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Climbing Mt Washington
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Climbing Mount Washington in May 2004

Bretton Woods
The Mount Washington Hotel at Bretton Woods

IIt had been ten years since I last climbed Mount Washington and I was a bit apprehensive as I turned my Jeep into the Cog Railway parking lot. Mount Washington is only 6,288 feet (1,916 meters) tall but it has an ominous reputation for devouring some of those who dare to tread its slopes. The summit is at the crossroads of two major storm tracks and bad weather can cover the mountain in a matter of minutes. Today was May 30th, Memorial Day weekend, and the weather was cool and breezy at the base. From Cog Railway station I could see clearly to the peak of Mount Washington and southwest to Bretton Woods and Mount Lafayette. It looked like a perfect day for a leisurely hike to the top.

Peaks to the South and East of Mt Washington
Peaks to the South and East
of Mount Washington

After stopping at the Cog Railway snack shop to pick up a couple of Almond Joy bars and a power drink I headed out on the Jewel trail. I crossed the Cog Railway tracks and almost immediately the trail started to climb through rocky and muddy terrain. The air was cool, about 50 degrees Fahrenheit, but I quickly worked up a sweat. Every 10 to 15 minutes I would stop for a few minutes to give my pounding heart a rest, catch my breath and cool down a little. I was careful not to rest too long or sit down because that would only add to the difficulty of starting again. The first mile went quickly and as I approached the second mile mark the trees started to thin. Beautiful, expansive views opened from the northwest to the south. Light, fluffy clouds dotted the sky and the wind started to pick up.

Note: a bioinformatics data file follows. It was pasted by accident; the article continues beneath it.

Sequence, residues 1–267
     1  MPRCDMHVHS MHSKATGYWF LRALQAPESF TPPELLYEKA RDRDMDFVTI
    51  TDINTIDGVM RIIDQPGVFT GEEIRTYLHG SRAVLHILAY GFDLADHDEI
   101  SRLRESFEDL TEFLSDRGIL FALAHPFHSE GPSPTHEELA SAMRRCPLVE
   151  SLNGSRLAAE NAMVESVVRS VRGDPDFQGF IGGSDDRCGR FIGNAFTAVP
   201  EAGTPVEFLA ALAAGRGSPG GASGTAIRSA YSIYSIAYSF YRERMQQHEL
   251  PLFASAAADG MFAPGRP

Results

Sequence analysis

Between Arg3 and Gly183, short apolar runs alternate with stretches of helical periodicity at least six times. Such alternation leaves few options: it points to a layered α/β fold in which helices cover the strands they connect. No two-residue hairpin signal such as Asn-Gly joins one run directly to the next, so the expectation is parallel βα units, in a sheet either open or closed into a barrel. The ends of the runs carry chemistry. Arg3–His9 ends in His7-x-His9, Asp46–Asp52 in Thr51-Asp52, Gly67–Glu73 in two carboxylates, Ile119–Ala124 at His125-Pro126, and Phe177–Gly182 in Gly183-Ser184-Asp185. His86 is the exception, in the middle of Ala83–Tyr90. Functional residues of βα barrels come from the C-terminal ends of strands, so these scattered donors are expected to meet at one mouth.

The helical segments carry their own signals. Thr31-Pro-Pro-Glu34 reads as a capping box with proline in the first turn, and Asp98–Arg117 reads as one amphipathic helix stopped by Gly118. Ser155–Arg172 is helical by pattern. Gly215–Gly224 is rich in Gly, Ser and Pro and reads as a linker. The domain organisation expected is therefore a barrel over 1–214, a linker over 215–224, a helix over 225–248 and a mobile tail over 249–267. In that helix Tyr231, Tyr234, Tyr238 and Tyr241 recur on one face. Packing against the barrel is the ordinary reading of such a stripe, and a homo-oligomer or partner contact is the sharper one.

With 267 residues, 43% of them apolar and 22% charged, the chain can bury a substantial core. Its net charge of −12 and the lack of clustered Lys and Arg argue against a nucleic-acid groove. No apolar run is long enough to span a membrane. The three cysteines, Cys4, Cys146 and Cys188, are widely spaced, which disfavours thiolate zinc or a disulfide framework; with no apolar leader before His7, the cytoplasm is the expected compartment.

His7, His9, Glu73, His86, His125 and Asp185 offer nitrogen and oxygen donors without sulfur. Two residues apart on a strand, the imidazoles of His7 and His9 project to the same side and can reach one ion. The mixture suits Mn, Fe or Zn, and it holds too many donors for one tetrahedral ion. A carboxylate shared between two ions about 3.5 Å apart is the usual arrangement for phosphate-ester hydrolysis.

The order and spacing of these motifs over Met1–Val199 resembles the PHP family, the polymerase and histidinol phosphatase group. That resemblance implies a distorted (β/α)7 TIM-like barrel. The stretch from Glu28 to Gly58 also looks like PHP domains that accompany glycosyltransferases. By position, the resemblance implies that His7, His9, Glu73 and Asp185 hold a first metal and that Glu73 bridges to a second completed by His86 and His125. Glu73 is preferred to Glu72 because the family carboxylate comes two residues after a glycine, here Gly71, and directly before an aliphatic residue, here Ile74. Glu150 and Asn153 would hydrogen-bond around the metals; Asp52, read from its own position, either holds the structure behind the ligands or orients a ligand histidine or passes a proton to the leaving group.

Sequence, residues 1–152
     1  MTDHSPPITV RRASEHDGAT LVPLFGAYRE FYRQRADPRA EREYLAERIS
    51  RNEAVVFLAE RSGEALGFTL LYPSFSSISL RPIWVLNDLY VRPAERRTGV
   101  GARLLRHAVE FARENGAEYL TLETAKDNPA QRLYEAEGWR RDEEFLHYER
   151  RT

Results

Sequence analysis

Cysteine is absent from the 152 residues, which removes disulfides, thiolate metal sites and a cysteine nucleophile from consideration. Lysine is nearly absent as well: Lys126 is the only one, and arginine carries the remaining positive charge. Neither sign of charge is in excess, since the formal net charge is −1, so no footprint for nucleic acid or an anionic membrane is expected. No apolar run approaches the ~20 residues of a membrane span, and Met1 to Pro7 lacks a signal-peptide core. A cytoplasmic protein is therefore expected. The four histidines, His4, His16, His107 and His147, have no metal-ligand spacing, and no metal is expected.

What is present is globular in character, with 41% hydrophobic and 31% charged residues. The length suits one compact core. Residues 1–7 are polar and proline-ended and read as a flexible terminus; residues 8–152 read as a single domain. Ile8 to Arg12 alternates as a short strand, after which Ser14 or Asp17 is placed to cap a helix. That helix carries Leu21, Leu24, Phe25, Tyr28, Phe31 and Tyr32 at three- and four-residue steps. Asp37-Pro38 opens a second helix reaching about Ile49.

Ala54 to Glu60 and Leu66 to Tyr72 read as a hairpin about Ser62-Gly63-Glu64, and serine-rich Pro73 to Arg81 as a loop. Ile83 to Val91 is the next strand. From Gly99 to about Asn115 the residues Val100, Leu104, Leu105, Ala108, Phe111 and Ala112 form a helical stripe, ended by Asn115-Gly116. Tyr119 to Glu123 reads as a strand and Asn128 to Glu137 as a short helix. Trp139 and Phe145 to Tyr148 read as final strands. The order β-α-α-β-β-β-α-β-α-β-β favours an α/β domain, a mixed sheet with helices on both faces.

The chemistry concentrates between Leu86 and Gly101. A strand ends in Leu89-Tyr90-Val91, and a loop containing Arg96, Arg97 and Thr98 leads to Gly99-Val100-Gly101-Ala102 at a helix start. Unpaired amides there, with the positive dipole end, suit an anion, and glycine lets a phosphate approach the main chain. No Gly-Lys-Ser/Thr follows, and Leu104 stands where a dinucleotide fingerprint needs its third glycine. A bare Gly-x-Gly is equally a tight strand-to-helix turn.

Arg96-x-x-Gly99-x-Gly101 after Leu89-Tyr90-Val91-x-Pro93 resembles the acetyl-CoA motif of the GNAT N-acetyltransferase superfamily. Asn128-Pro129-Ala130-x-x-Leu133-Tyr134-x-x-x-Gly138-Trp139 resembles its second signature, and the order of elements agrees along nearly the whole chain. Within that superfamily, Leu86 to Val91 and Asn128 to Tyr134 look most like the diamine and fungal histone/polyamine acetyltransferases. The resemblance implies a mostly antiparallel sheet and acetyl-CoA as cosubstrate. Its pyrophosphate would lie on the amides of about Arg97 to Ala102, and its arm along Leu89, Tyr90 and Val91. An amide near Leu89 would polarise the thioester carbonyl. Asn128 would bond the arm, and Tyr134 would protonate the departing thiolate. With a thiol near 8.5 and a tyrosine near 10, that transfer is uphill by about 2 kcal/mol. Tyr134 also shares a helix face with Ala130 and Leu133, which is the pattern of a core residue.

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Hiking through the alpine zone

Fragrant Spruce trees grew shorter and soon gave way to small evergreens bushes that tightly clung to the rocky slope. Hikers coming down the mountain were snugly wrapped in Gore-Tex suits and seemed amazed that I was only wearing a wool shirt over a lightweight tee. I was still warm from climbing but the air temperature was dropping and the winds were rising. At the 4 mile mark the only plants I saw were tiny ground hugging flowers and bushes that reminded me of the tundra environments of northern Labrador or Alaska. Inch long needles of frost adorned the bushes and rocks surrounding me. I stopped for a rest, ate an Almond Joy bar and pulled on a Gore-Tex jacket I had stowed in my pack. It worked beautifully by cutting the winds chill and helped me to stay warm and dry.

Frost Crystals Grow on Rocks
Inch long frost needles
grow on windswept rocks
Alpine Zone
An alpine environment like
that found in Labrador or Alaska
Frost Crystals Grow on Rocks
Biting cold winds give up their moisture
to create ice needles
Approaching the summit of Mt Washington
Frost covered cairns
point the way to the summit